By Kathleen Vanesian
By Amy Silverman
By Robrt L. Pela
By Jim Louvau
By Kathleen Vanesian
By Benjamin Leatherman
By New Times
By Becky Bartkowski
Barron: That's probably why the city is so afraid to stand up, because they're afraid to lose money on this. But I don't think it will take a lot of tax dollars to get this place taken down. The school district has contemplated buying the building and turning it into a storage facility. They have millions of dollars in bond money set aside for such a building.
NT: Everyone wants to buy this store! Sheriff Arpaio was talking about converting it into a police substation.
Barron: I think anybody looking at an alternative use for that property is on the right track. Anything would be more agreeable than a pornography megastore.
NT: Except maybe a titty bar. You've actually talked about photographing people entering the store, then posting the pictures on a Web site. Aren't you harassing people who just want to get their rocks off?
Barron: We're not going to yell at them or pick a fight with them as they go in. But many people who use porn do it in secret. Our hope is that by making their participation public, they'll be discouraged from shopping at that location. Hopefully we can put enough of a dent in Coleman's business that he'll think about selling.
NT: So, let's say you're on your Castle surveillance shift, and you see your mom go into Castle. Do you photograph her?
Barron: Yeah, I would. If I saw my pastor or some government official I admire visiting Castle, I'd photograph them. I'd probably talk to them and express my disapproval, too.
NT: City Council hired noted zoning attorney Grady Gammage to look for loopholes in a ruling that said Castle wasn't violating any laws.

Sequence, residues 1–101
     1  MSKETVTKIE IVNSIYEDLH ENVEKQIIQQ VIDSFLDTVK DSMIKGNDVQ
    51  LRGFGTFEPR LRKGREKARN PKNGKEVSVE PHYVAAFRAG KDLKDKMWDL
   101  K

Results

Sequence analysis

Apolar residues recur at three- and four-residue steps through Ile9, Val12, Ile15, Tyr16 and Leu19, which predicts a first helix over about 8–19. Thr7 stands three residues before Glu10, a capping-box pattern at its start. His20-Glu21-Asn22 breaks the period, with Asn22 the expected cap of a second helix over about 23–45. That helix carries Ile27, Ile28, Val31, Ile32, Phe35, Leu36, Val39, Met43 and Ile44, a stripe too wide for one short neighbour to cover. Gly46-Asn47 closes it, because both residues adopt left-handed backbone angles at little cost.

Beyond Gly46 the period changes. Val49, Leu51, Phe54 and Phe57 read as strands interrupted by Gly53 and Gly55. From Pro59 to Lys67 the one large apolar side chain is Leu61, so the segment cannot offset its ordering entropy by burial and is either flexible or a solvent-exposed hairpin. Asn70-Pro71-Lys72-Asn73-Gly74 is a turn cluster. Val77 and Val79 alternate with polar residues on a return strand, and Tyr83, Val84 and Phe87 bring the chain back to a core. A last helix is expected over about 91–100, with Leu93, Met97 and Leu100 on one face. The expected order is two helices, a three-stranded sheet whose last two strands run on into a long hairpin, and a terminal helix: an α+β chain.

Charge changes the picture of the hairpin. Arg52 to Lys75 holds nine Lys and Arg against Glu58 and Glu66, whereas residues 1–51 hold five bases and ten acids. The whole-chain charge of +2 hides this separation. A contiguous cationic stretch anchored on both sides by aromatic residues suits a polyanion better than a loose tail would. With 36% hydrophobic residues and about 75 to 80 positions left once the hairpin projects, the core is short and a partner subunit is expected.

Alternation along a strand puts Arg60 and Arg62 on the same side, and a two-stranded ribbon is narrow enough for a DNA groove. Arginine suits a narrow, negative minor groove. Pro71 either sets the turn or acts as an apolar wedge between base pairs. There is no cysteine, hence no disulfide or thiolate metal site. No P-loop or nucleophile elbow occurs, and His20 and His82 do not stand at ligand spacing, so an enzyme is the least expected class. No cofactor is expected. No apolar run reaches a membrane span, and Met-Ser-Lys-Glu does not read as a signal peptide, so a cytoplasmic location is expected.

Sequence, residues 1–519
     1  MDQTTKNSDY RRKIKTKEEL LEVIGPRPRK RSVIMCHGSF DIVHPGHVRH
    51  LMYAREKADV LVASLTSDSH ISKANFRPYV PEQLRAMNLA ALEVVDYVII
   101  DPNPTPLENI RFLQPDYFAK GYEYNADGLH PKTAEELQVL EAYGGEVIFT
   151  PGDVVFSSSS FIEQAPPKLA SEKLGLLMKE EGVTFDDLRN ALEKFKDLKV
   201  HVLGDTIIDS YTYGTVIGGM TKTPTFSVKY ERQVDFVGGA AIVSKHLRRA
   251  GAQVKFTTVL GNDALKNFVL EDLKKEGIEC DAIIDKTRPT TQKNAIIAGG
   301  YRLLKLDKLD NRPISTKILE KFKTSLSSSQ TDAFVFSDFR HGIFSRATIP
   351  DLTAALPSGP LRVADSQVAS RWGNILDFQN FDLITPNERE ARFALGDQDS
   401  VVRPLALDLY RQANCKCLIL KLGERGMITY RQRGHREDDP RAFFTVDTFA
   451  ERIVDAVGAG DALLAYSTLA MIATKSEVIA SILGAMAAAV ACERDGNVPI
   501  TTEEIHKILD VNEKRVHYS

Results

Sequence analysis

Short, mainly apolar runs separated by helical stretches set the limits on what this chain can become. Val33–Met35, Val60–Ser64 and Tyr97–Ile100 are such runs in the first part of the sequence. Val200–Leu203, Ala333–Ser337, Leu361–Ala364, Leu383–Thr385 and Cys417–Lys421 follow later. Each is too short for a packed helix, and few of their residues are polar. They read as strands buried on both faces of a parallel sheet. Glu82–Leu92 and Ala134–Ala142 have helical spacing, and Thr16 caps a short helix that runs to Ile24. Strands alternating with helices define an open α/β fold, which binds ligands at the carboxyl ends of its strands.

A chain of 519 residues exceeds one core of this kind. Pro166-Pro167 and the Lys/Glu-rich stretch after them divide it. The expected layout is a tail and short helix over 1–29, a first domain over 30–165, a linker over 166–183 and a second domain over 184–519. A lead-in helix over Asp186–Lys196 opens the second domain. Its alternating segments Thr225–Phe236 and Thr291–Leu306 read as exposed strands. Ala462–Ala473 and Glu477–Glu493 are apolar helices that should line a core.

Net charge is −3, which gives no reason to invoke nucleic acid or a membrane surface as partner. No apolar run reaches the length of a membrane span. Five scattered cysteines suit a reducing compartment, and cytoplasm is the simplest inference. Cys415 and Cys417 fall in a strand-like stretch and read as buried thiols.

Barron: Yes, and City Council has hurt us more than they've helped us. They've spent a lot of time telling us that everything is legal, so stop making a fuss. Grady Gammage works for the same firm that represents Coleman, so our hopes weren't very high.
NT: You enlisted the aid of City Councilman Siebert, then ended up threatening him with a recall.
Barron: He has been worse than useless in this whole process. He has never once come out and said he opposes this place. The farthest he's gone is to say, "Yes, it's distasteful, but it's perfectly legal." He knew this place was going in, years ago, and didn't tell the public. We dangled the recall over his head to get his attention, but since he's lied to us about the research he did, I think this will hurt him if he runs again.
NT: Siebert invited your group to pick up trash at Castle with Arpaio's chain gang, which was utterly baffling.
Barron: Exactly. Beautifying the site is not what we had in mind. He was just trying to get media coverage, but it backfired, because the handful of people who did show up were there to criticize him, and the news media was there to film it. He ended up looking really dumb.
NT: The bottom line is that you don't want a store in your neighborhood that sells dildos.
Barron: I'm more concerned about the pornographic magazines and videos, of which there are thousands in these stores. The videos for sale on Castle's Web site are the most horrific things you have ever seen. Videos about teenaged girls being abducted and raped, or about a police force gang-raping someone; I hate to talk about it because it's so horrific.
NT: You're actually planning a wrecking ball party.
Barron: Absolutely. We'll do a barbecue, and a concert, and give away free balloons. And we'll all cheer as they knock the turrets down.